A broad-church approach to grievance and the vilification of elected leaders are also, of course, hallmarks of the "tea party" movement in the US.
That's actually quite an interesting comparison. I'd never really thought what teabagging would look like Kiwi-style (unfortunate mental image most definitely not intended!) but it does appear it looks like a bunch of disgruntled but polite people with vague disaffections towards "politicians" and "bureaucrats" for the most part.
I first heard of the march from a poster up in the staff tearoom here, and read it twice trying to figure out where the reason for the march was hidden (answer: nowhere.) I was particularly amused to hear two coworkers discuss the matter-a 40-something Pakeha fellow regaling his Chinese friend about how NZ democracy was "a sham", only to be shot down by, "What are you talking about? I haven't been shot or teargassed by the police once since I arrived here!"
Funny, I've often had the same "media attention is aggro" thought in the past, usually about people I personally disagree with, but see the value of their viewpoint to the wider debate.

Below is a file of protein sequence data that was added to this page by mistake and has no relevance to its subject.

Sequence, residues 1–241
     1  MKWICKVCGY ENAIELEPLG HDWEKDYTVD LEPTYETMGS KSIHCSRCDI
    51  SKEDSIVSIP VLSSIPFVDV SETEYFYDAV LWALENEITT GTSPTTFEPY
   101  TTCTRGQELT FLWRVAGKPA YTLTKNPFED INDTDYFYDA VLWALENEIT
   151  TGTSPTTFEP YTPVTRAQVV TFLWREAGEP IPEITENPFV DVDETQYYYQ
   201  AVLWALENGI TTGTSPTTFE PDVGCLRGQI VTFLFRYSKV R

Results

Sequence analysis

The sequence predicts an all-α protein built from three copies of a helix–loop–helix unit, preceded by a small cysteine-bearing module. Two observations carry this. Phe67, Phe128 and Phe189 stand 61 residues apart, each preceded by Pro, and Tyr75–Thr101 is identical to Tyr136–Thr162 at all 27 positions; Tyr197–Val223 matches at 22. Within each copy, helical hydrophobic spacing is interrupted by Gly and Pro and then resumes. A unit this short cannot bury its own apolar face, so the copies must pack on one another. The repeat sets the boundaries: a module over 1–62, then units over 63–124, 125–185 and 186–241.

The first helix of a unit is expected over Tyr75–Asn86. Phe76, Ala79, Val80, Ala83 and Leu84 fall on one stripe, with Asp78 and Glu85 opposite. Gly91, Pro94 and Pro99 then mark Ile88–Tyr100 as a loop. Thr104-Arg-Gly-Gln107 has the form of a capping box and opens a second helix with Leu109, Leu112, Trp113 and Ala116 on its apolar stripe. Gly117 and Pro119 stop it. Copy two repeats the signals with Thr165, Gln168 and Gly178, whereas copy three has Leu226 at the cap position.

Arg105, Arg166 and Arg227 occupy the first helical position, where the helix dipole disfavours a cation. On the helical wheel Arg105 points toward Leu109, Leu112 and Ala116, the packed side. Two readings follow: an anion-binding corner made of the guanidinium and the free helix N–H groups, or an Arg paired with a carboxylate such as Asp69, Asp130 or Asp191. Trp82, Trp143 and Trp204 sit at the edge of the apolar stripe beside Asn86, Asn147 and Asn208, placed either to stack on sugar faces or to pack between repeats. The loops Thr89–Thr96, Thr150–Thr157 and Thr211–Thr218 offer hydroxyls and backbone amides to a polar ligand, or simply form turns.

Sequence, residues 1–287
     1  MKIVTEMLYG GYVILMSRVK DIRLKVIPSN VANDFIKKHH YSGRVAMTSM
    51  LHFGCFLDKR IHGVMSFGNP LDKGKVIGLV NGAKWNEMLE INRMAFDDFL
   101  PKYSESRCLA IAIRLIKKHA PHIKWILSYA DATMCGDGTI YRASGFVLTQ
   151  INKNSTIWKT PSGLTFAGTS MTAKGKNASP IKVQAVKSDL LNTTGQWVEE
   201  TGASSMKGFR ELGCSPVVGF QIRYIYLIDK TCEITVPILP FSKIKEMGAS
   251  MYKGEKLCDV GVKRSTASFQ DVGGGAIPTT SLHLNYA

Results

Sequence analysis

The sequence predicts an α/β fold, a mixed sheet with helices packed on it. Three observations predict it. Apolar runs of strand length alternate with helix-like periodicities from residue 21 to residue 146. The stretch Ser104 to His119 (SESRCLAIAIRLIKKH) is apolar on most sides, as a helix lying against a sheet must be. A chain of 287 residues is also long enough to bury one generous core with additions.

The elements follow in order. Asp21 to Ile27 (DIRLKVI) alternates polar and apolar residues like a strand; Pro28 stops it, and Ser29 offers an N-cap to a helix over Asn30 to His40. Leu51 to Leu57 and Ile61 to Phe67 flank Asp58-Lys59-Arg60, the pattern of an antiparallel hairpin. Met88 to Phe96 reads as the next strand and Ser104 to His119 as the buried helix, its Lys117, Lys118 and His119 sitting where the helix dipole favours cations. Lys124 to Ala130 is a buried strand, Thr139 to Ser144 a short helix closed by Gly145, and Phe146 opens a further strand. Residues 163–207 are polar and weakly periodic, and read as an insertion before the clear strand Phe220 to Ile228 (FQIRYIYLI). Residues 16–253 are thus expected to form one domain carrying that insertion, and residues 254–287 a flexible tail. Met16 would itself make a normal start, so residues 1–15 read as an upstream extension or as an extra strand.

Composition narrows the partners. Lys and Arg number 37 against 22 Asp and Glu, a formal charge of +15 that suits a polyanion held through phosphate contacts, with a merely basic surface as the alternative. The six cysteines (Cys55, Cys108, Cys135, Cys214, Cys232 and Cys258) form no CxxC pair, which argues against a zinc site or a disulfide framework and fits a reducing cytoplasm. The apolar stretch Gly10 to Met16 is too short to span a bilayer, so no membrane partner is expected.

With that in mind, I guess talkback punters and Stuff commenters are the trash mobs of political discourse. They aren't important enough to spend time on except that they prevent you from getting at the bosses.
Which is why nobody I'm aware of is criticising the BDO's right to determine their own content by "disinviting" Beenie Manl.
But unlike Charles Chauvel, I don't think we should be restricting anyone's ability to enter New Zealand because he (or the Immigration Minister) doesn't like what the person concerned says. IMO, that's setting up all kinds of slippery slopes I'd rather not cede to the government, no matter what colour rosette it happens to be wearing.
This is very much where I sit on this situation, too. I am friends with one of the other instigators of the campaign for the BDO to withdraw their invitation to Beanie Man, and the line I draw is between his right to enter the country regardless of his views and his promotion by a music festival I feel a personal connection with.